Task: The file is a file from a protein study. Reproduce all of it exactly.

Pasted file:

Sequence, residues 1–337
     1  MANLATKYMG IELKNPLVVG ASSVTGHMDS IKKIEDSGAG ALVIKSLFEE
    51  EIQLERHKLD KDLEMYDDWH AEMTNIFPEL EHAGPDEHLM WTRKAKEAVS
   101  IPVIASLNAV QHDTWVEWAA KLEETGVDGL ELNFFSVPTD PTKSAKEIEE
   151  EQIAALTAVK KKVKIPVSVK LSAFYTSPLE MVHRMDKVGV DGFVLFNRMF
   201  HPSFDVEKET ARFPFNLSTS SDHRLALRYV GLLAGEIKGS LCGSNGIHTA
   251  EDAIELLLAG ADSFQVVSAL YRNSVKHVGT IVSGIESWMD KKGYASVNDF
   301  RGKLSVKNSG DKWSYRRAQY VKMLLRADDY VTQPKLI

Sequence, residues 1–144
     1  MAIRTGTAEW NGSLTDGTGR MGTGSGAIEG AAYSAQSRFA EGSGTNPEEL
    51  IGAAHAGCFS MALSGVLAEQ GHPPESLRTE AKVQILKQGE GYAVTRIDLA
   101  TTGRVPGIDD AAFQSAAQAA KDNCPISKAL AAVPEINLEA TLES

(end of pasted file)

Sequence, residues 1–337
     1  MANLATKYMG IELKNPLVVG ASSVTGHMDS IKKIEDSGAG ALVIKSLFEE
    51  EIQLERHKLD KDLEMYDDWH AEMTNIFPEL EHAGPDEHLM WTRKAKEAVS
   101  IPVIASLNAV QHDTWVEWAA KLEETGVDGL ELNFFSVPTD PTKSAKEIEE
   151  EQIAALTAVK KKVKIPVSVK LSAFYTSPLE MVHRMDKVGV DGFVLFNRMF
   201  HPSFDVEKET ARFPFNLSTS SDHRLALRYV GLLAGEIKGS LCGSNGIHTA
   251  EDAIELLLAG ADSFQVVSAL YRNSVKHVGT IVSGIESWMD KKGYASVNDF
   301  RGKLSVKNSG DKWSYRRAQY VKMLLRADDY VTQPKLI

Sequence, residues 1–144
     1  MAIRTGTAEW NGSLTDGTGR MGTGSGAIEG AAYSAQSRFA EGSGTNPEEL
    51  IGAAHAGCFS MALSGVLAEQ GHPPESLRTE AKVQILKQGE GYAVTRIDLA
   101  TTGRVPGIDD AAFQSAAQAA KDNCPISKAL AAVPEINLEA TLES